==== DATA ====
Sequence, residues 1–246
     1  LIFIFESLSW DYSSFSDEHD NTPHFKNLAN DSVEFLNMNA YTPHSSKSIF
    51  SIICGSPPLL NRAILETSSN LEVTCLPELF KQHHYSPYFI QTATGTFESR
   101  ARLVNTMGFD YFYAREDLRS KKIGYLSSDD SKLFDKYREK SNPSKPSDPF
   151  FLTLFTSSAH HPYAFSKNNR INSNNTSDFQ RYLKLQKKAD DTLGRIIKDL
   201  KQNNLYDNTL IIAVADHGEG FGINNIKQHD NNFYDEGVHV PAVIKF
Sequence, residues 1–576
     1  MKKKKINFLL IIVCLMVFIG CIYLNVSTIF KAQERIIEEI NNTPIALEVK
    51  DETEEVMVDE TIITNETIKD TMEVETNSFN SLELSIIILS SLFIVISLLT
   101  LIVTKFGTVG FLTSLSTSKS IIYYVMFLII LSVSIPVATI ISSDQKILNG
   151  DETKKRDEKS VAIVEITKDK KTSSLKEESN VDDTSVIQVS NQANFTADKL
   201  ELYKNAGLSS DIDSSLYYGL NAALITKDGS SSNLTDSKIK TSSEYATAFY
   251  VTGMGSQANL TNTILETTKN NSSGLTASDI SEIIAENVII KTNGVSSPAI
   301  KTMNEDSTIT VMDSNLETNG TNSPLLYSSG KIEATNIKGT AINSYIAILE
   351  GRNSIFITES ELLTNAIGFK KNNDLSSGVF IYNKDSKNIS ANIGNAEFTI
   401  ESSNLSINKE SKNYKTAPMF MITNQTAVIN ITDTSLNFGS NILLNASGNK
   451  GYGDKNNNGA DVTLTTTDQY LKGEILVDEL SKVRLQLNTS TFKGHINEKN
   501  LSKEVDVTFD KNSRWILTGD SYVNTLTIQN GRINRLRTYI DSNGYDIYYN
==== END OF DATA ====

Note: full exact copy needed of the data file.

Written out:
Sequence, residues 1–246
     1  LIFIFESLSW DYSSFSDEHD NTPHFKNLAN DSVEFLNMNA YTPHSSKSIF
    51  SIICGSPPLL NRAILETSSN LEVTCLPELF KQHHYSPYFI QTATGTFESR
   101  ARLVNTMGFD YFYAREDLRS KKIGYLSSDD SKLFDKYREK SNPSKPSDPF
   151  FLTLFTSSAH HPYAFSKNNR INSNNTSDFQ RYLKLQKKAD DTLGRIIKDL
   201  KQNNLYDNTL IIAVADHGEG FGINNIKQHD NNFYDEGVHV PAVIKF
Sequence, residues 1–576
     1  MKKKKINFLL IIVCLMVFIG CIYLNVSTIF KAQERIIEEI NNTPIALEVK
    51  DETEEVMVDE TIITNETIKD TMEVETNSFN SLELSIIILS SLFIVISLLT
   101  LIVTKFGTVG FLTSLSTSKS IIYYVMFLII LSVSIPVATI ISSDQKILNG
   151  DETKKRDEKS VAIVEITKDK KTSSLKEESN VDDTSVIQVS NQANFTADKL
   201  ELYKNAGLSS DIDSSLYYGL NAALITKDGS SSNLTDSKIK TSSEYATAFY
   251  VTGMGSQANL TNTILETTKN NSSGLTASDI SEIIAENVII KTNGVSSPAI
   301  KTMNEDSTIT VMDSNLETNG TNSPLLYSSG KIEATNIKGT AINSYIAILE
   351  GRNSIFITES ELLTNAIGFK KNNDLSSGVF IYNKDSKNIS ANIGNAEFTI
   401  ESSNLSINKE SKNYKTAPMF MITNQTAVIN ITDTSLNFGS NILLNASGNK
   451  GYGDKNNNGA DVTLTTTDQY LKGEILVDEL SKVRLQLNTS TFKGHINEKN
   501  LSKEVDVTFD KNSRWILTGD SYVNTLTIQN GRINRLRTYI DSNGYDIYYN